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Gas Development Master Plan Steering Committee Meeting 28 March 2013 Draft Policy Note 2 : Impediment to Developing Gas Reserves

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Page 1: Steering committee draft policy note 2 (1)

Gas Development Master PlanSteering Committee Meeting – 28 March 2013Draft Policy Note 2 : Impediment to Developing Gas Reserves

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• Overall gas balance

• Infrastructure as an impediment

• Other impediments


• Fiscal terms

• Potential for subsea wells

• Recommendations

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Overall gas balance

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Overall gas balance 2012-25







2012 2013 2014 2015 2016 2017 2018 2019 2020 2021 2022 2023 2024 2025





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NAD region example – wrong operator, wrong technology, wrong fiscal terms

Jau field


• 200 bcf

• 600-650

m water


• 45km

from NSO


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The tendering process…

• Kepodang offshore field on the Muriah licence originally discovered in the 1980’s in 230 feet of water. The licence was taken over by Arco in 1999 who signed a memorandum of understanding with PLN for supply to the Tambak Lorok combined cycle power in Semarang The 1060MW Tambak Lorok power station was completed in 1998 and can run on diesel or gas

• Petronas of Malaysia took over the licence in 2005 and signed a gas sales agreement with PLN to supply 145 MMSCFD of gas for ten years. Petronas were intending to construct a 200km pipeline from the field to shore. However the private company Bakrie and Brothers had won the tender to construct a main pipeline from Kalimantan to Java.

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The tendering process…

• Bakrie successfully argued in 2009 that as the planned Kepodang line would run in parallel to the line and that they had the licence for that route that they, rather than Petronas should provide the offshore transportation of the gas and operate it as Phase 1 of their longer pipeline system. Eventually in 2012 an overall development plan was agreed which incorporated Petronas developing the field and Bakrie providing the offshore transportation.

• Petronas is developing the field at a total cost estimated as $545 million. Production is now planned to start in October 2014. Bakrie are constructing the pipeline at a cost of around $175 million.

• The project has effectively been delayed by three years due to the lack of resolution of the transportation issue. The Petronas production sharing agreement was to expire in 2021. As a consequence of this the government extended the production sharing agreement to 2025.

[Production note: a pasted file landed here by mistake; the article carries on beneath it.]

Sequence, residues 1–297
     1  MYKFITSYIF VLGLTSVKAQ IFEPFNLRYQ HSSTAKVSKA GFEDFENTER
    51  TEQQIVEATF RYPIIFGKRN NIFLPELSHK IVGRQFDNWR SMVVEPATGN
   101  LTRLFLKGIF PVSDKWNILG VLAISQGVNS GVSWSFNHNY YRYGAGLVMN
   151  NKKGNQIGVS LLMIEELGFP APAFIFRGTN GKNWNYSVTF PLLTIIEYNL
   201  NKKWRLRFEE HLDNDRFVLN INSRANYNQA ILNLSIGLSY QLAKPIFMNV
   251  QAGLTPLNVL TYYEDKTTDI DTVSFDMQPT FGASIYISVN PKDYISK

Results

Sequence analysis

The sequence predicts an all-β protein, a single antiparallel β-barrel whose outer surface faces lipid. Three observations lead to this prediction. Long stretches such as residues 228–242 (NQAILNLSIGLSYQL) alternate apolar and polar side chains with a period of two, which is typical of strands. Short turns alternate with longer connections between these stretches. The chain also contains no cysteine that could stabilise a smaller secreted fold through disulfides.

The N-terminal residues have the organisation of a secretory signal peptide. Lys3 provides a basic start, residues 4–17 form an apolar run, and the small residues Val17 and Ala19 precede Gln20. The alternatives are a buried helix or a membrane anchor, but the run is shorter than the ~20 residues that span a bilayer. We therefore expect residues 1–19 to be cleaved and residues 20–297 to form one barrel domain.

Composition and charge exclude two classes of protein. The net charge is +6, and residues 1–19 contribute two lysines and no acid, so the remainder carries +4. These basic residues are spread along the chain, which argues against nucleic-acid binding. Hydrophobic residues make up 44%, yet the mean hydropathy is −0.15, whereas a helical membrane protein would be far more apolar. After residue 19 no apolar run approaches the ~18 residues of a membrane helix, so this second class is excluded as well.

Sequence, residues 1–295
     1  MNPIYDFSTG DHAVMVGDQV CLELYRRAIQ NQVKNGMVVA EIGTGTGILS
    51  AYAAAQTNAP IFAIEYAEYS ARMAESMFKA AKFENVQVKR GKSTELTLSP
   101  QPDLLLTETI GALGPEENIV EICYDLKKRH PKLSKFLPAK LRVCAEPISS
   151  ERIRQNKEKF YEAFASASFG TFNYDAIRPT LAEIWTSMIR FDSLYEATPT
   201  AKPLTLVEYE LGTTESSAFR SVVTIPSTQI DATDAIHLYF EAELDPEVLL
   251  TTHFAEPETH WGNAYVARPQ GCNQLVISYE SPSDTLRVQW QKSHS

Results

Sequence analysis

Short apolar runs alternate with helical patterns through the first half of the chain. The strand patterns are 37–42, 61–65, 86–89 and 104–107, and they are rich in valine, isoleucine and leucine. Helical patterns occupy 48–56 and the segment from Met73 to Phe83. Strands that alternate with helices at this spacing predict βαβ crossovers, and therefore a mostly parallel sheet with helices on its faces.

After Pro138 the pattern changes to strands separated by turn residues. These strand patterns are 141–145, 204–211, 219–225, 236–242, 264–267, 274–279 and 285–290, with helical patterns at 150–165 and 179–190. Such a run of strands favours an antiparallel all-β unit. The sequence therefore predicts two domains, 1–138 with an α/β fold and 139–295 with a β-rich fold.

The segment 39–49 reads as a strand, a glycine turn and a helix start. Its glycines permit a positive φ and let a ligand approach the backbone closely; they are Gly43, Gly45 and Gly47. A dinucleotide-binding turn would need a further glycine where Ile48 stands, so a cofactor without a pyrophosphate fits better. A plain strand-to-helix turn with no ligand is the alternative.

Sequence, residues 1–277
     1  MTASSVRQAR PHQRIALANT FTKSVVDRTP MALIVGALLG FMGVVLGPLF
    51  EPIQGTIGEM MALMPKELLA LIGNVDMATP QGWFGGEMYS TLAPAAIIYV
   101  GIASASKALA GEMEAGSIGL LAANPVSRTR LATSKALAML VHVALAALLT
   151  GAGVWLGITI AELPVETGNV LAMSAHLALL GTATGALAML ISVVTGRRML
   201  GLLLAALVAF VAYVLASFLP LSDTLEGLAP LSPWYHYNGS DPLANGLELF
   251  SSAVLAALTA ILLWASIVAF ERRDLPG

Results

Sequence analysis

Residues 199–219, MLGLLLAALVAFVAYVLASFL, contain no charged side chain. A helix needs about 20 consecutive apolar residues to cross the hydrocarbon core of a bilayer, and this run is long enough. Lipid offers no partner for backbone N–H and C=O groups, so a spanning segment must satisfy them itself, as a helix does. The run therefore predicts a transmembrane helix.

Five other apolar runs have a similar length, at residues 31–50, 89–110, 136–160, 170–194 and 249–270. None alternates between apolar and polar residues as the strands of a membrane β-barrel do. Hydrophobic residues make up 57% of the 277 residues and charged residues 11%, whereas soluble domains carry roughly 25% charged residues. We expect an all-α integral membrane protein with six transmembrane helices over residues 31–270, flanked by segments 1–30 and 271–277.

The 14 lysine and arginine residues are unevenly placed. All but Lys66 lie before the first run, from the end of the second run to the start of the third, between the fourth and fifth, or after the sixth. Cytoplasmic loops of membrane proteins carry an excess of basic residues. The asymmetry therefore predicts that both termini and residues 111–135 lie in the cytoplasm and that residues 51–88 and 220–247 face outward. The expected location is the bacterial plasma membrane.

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Jawad Barah region – the cost of failure running Tampak Lorok 1000 MW on diesel

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Pertamina Gundih fields – a technical problem

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The technical problems

• Pertamina onshore gas development taking place which illustrates some of the technical problems in some Indonesian gas fields. Three fields are to be developed through a central processing plant (CPP) .

• However the fields contain around 21% carbon dioxide which is reduced to 15% once the fields are processed through the CPP. It is then required to inject the carbon dioxide in a suitable reservoir.

• Recent study indicated that one reservoir was not completed sealed and could result in carbon dioxide leakage. The other potential reservoir was of insufficient size to store the required amount of carbon dioxide. At this stage, therefore, there is no technical solution to the safe disposal of the carbon dioxide.

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Jawa Timur region – successful developments

• Access to pipeline infrastructure

• Large reserve basis

• Productive wells

• Access to large customer base

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Tirang Sirasun Batar

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BD Gas field development

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Kalimantan – supply shortage?

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Kalimanatan – the problem of contract expiry and new technology but CBM has a role